New York City-based photographer Kang Kim says he was first interested in photography because of its simple and fundamental nature. “You see something and take pictures,” he explains. “Of course, later on, I realized that it’s not simple to make pictures through which I can create something valuable and make a living.” Still, he is able to create his images through simplifying, often breaking down the elements of his food and still life subjects and reorganizing them to make compositions that are fresh and unexpected. He frequently contributes toNew York Magazine and is sought after by top publications like Bon Appetit, Prevention, Food Network Magazine, Time, InStyle and Martha Stewart Living.
Kim relocated from South Korea in 1993, attending Rochester Institute of Technology for his BFA and School of Visual Arts in New York City for his MFA. He chose to focus on food and still life early on, finding himself much more fascinated by objects than faces, but his work is autobiographical in a way. His works are a complete reflection of how he views the objects he photographs. “Still life photography is about how a photographer feels and thinks about the subject, the composition and the lighting,” he explains. “This kind of egoism is not necessarily a bad thing. Since people are so similar to one another, my feeling and story easily becomes another person’s feeling and story through the help of a little imagination.”
Kim’s images are distinctively his own, but he doesn’t strive for an aesthetic. He draws his inspiration from the subject itself, and he explains it in a cut and dry way. “Here is a picture of egg for an article about egg whites,” he says on an image for Prevention, but it’s the decisions he makes that change the egg whites in simple ways from something visually uninteresting to something dynamic and transformative.
He achieves this by taking the individual elements and enhancing them, emphasizing the texture or creating a certain quality of light, embodying sculptural elements in two-dimensional form. He spends time with his objects, looking at them in an effort to understand the details and the essence of what he is shooting. There is often tension in his work, a sense of transience between one moment and the next.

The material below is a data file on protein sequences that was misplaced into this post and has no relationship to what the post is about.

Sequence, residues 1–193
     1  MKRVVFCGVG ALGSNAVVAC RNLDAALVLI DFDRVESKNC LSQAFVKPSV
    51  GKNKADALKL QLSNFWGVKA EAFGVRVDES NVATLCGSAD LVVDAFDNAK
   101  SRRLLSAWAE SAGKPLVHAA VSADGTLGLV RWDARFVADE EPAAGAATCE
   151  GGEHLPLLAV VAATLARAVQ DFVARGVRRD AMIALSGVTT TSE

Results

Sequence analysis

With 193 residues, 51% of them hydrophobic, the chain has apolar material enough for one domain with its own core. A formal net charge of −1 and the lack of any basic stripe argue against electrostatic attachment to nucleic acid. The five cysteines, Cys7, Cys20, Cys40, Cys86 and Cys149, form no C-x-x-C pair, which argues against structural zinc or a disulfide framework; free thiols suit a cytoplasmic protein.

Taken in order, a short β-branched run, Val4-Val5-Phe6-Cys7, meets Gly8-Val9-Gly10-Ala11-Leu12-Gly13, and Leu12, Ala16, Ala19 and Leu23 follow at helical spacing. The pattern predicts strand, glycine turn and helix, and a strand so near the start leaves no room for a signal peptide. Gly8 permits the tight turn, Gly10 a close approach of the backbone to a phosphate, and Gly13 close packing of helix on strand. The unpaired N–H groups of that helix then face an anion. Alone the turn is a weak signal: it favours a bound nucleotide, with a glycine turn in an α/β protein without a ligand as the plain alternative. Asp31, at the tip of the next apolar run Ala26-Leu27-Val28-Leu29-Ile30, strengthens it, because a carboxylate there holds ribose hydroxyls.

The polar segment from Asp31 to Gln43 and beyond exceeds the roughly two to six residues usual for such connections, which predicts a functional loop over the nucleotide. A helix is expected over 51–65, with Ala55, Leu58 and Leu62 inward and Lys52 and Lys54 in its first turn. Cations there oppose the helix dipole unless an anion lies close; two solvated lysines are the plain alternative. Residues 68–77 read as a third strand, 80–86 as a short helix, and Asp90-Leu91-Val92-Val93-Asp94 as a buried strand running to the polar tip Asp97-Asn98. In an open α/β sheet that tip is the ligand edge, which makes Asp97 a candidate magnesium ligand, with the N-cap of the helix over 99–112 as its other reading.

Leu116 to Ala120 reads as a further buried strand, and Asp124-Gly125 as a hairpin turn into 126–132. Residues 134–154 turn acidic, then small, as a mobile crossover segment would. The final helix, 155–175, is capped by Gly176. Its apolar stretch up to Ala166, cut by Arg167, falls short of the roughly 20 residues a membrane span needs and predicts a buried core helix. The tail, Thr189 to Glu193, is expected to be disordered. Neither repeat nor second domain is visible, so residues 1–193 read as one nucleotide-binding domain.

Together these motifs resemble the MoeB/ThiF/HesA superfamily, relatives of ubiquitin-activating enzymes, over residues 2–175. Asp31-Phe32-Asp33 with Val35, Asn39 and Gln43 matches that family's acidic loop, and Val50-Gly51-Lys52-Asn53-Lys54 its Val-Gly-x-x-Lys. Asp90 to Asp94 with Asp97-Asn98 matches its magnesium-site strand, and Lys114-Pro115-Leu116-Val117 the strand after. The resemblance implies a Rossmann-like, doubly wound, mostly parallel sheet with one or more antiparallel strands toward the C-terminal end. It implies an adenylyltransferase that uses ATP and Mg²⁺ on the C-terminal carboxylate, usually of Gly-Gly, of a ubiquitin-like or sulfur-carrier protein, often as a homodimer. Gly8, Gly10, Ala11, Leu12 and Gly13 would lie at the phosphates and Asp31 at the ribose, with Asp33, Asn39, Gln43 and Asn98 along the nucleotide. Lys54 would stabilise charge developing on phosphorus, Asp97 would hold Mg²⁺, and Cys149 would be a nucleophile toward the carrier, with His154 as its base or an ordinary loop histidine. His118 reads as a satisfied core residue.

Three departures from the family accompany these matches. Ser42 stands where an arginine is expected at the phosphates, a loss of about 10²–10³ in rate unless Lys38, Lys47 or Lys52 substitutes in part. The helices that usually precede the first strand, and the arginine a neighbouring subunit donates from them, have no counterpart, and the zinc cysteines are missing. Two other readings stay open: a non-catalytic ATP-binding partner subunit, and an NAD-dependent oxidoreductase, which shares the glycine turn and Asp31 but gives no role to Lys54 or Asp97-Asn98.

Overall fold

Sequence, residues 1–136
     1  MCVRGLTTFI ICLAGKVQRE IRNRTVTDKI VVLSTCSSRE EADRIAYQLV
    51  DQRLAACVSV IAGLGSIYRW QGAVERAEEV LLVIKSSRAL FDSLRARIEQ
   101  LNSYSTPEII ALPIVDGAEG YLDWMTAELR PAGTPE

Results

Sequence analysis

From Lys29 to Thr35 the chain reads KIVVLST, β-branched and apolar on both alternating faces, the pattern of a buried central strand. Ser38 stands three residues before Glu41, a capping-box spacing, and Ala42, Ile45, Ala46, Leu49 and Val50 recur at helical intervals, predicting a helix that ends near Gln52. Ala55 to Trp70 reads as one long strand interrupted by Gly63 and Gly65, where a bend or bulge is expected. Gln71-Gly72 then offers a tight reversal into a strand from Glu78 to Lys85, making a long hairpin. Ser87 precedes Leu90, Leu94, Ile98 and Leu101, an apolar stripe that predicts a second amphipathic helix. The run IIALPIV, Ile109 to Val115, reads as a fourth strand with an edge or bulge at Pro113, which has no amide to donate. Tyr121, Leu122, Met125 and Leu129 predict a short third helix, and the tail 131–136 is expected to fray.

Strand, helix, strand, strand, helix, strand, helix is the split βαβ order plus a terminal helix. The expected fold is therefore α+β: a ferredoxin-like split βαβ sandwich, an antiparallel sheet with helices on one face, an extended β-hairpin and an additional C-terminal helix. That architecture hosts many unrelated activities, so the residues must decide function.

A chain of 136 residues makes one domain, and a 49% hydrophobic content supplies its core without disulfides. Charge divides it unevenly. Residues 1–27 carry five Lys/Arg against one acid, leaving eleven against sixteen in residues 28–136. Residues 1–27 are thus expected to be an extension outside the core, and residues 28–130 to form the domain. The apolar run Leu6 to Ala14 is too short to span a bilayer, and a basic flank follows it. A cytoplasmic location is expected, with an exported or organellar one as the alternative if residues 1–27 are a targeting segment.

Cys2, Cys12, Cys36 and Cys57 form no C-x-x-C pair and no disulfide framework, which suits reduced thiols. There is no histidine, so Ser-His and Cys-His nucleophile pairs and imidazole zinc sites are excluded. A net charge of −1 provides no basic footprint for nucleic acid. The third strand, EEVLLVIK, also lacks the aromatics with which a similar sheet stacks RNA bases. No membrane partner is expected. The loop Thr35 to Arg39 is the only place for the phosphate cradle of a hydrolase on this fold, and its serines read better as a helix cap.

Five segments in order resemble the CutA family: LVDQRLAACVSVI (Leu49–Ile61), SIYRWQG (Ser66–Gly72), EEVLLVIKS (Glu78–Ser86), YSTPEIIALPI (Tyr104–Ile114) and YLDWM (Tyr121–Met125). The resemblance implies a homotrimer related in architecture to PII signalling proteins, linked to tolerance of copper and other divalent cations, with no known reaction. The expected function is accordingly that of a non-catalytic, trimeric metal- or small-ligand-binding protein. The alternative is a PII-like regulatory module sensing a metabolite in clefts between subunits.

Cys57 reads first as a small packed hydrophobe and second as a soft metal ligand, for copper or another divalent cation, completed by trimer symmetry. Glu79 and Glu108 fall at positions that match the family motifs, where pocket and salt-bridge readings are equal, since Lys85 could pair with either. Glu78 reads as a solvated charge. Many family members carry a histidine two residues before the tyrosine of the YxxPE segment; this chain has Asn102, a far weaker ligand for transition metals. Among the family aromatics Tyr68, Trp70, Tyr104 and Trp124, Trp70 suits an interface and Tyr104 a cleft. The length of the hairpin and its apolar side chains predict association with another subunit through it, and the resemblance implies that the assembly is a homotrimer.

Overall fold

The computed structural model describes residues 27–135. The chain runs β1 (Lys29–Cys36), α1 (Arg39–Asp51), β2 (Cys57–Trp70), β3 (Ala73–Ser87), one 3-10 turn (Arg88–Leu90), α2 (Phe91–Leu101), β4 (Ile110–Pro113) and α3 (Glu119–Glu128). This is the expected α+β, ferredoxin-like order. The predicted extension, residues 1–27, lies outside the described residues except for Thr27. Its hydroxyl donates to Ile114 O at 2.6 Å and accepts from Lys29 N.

For a recent shoot for Domino, Kim was commissioned to shoot a series of tablescapes. Working with a large team consisting of a market editor, a stylist, an art director and set builders, Kim’s role was to work with the team to create the most dynamic composition while showing off the individual items. His goal was to give “gravity” to each object and opted to set up a more directional and focused lighting rather than broad and soft lighting. Each form is sharp, colorful and deliberate.
Whether working alone or on a large team, Kim’s compositions flourish. Sometimes before shoots, to clear his mind, he looks to Irving Penn still lifes, such as Frozen Foods, 1977, where various foods have been frozen and reshaped into blocks. Like the structures of Penn’s still lifes, Kim also leans towards using his subjects like building blocks. “For food, I have a tendency to break or destroy it as long as it makes sense for the assignment,” he says. “We eat the food. We break, destroy and digest the food.” Kim deconstructs and rearranges rapidly for all possible combinations until the design interests him, a process which becomes faster as he gains more experience. Ultimately, he makes his compositional decisions based on instinct. “There seems to be some mysterious aspects regarding how our mind reacts differently to different compositions,” he explains. “It’s about how you feel in front of the composition.”
For a feature on Spanish dishes in New York Magazine, Kim was assigned to work with chef Alexandra Raij of Tia Pol and El Quinto Pino on the chef’s signature dish, Galician Octopus. They first arranged it as it was served in restaurants but it wasn’t as appealing as Kim would have liked. They traded in chopped pieces for larger and larger portions of octopus and potatoes, then poured olive oil and paprika on the dish, giving Kim a limited amount of time to shoot a few 4” x 5” chromes before losing the composition to the expanding oil. Kim works organically, trusting his instincts and allowing his objects to exist in a constant state of flux.
Food photography can tend to lean on the optimistic side: warm, inviting and comforting. But Kim prefers to let the physicality of the ingredients speak for themselves instead of setting ambience. “Sometimes, we don’t need to hide the fact that, to the octopus, it’s not a happy moment. It’s kind of a reminder that our living should not be so dull when even a small food dish can show this kind of urgency and vividness.”